As we celebrate the 100th anniversary of the ratification of the 19th Amendment this August, readers everywhere are in for a treat with a new picture book about suffrage, time travel, and lesser-known history in Camilla Can Vote by Mary Morgan Ketchel and her mother, Senator Marsha Blackburn. 

Senator Marsha Blackburn is the first woman elected to the Senate from her home state of Tennessee, and her daughter, co-author Mary Morgan Ketchel, got to exercise her right to vote to help her get there. Their teamwork in this new picture book not only brings kids of the modern day into the story of suffrage in a fun and accessible way, but it also introduces the world to a lesser-known historical moment about the man from Tennessee who cast the deciding vote that ratified the 19th Amendment. 

Camilla’s class trip to the local history museum to see their women’s suffrage exhibit turns into a time travel trip and a lesson she’ll never forget. As she learns about suffrage and the women’s rights movement of the early 20th century, Camilla gets pinned with a yellow rose pin. She’s suddenly taken back to August 18, 1920, the day that Tennessee would become the 36th state to ratify the 19th Amendment, making it official–it was going to be added to the Constitution!

When the 19th Amendment passed through Congress, it then had to be approved (aka: ratified) by the states. Many states did so right away, but it was Tennessee who would be the state that ultimately gave the Amendment what it needed to be officially ratified. It wasn’t a sure thing though, and as Camilla discovers, the “War of the Roses” was fascinating, contentious, and yet it changed so much for so many.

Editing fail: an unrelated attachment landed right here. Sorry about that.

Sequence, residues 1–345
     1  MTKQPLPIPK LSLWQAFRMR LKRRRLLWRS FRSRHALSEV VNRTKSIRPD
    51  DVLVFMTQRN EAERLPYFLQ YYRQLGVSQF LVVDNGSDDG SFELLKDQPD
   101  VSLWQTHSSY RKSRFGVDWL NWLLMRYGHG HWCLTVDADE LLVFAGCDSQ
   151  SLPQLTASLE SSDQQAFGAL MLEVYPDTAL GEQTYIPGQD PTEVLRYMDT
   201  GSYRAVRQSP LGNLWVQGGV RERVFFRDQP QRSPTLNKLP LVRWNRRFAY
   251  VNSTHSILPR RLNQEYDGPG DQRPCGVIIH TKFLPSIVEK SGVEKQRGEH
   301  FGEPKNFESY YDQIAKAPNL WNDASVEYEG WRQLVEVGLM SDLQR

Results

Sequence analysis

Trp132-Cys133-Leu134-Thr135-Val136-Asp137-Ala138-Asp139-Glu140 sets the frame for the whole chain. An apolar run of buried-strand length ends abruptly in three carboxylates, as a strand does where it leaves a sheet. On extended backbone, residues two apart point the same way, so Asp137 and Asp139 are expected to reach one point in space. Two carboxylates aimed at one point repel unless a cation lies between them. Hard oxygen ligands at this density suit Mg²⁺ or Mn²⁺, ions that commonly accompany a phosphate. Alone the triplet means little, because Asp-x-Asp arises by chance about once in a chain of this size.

As someone who works in libraries and reads a lot of children’s literature, this book is splendid. The illustrations, an example of which you can see below, are accessible, light-hearted, and fun, and the text really serves its story. You follow Camilla–a funny, likeable character with a real voice–and you learn so much along the way. I’ve studied history extensively and read a lot about the suffrage movement, but this is the first I’ve heard of Harry T Burns of Tennessee.  

Credit: Camilla Can Vote

I cannot wait to see this book added to collections all over the country. It’s not only a fun way to teach kids about women’s suffrage, but it’s a great way to make them feel actively involved in the history making moments of the past and present. Plus, it being authored by a female senator and her daughter makes it even more special. 

Camilla Can Vote: Celebrating the Centennial of the Women’s Right to Vote is on sale wherever books are sold on July 14, 2020. It will make a great addition to any reading list or educational moment during this important anniversary!

Future Female Leaders is a participant in the Amazon Services LLC Associates Program, an affiliate advertising program designed to provide a means for us to earn fees by linking to and affiliated sites.

Aryssa D
FFL Cabinet Member